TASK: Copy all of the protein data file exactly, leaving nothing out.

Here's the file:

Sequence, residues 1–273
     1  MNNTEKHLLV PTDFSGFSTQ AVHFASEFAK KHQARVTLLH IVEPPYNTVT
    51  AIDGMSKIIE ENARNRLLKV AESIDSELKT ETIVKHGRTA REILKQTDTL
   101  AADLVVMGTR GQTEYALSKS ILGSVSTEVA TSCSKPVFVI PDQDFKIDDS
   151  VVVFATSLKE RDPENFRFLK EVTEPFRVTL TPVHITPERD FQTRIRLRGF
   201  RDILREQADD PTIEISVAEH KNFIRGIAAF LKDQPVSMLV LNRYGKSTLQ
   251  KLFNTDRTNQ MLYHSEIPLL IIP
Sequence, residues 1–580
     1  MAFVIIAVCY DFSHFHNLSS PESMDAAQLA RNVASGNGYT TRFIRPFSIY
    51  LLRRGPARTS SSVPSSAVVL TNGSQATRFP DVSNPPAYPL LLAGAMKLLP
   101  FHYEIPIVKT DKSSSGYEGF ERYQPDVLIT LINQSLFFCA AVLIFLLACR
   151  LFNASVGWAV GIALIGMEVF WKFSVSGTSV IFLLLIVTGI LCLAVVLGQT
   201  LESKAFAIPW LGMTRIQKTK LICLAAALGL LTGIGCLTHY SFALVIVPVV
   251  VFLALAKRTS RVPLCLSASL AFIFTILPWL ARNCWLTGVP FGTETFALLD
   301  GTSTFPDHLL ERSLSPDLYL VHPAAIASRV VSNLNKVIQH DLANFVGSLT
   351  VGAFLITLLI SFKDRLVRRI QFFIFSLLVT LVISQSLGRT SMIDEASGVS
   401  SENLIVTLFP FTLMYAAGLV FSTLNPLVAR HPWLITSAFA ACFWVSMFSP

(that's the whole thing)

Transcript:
Sequence, residues 1–273
     1  MNNTEKHLLV PTDFSGFSTQ AVHFASEFAK KHQARVTLLH IVEPPYNTVT
    51  AIDGMSKIIE ENARNRLLKV AESIDSELKT ETIVKHGRTA REILKQTDTL
   101  AADLVVMGTR GQTEYALSKS ILGSVSTEVA TSCSKPVFVI PDQDFKIDDS
   151  VVVFATSLKE RDPENFRFLK EVTEPFRVTL TPVHITPERD FQTRIRLRGF
   201  RDILREQADD PTIEISVAEH KNFIRGIAAF LKDQPVSMLV LNRYGKSTLQ
   251  KLFNTDRTNQ MLYHSEIPLL IIP
Sequence, residues 1–580
     1  MAFVIIAVCY DFSHFHNLSS PESMDAAQLA RNVASGNGYT TRFIRPFSIY
    51  LLRRGPARTS SSVPSSAVVL TNGSQATRFP DVSNPPAYPL LLAGAMKLLP
   101  FHYEIPIVKT DKSSSGYEGF ERYQPDVLIT LINQSLFFCA AVLIFLLACR
   151  LFNASVGWAV GIALIGMEVF WKFSVSGTSV IFLLLIVTGI LCLAVVLGQT
   201  LESKAFAIPW LGMTRIQKTK LICLAAALGL LTGIGCLTHY SFALVIVPVV
   251  VFLALAKRTS RVPLCLSASL AFIFTILPWL ARNCWLTGVP FGTETFALLD
   301  GTSTFPDHLL ERSLSPDLYL VHPAAIASRV VSNLNKVIQH DLANFVGSLT
   351  VGAFLITLLI SFKDRLVRRI QFFIFSLLVT LVISQSLGRT SMIDEASGVS
   401  SENLIVTLFP FTLMYAAGLV FSTLNPLVAR HPWLITSAFA ACFWVSMFSP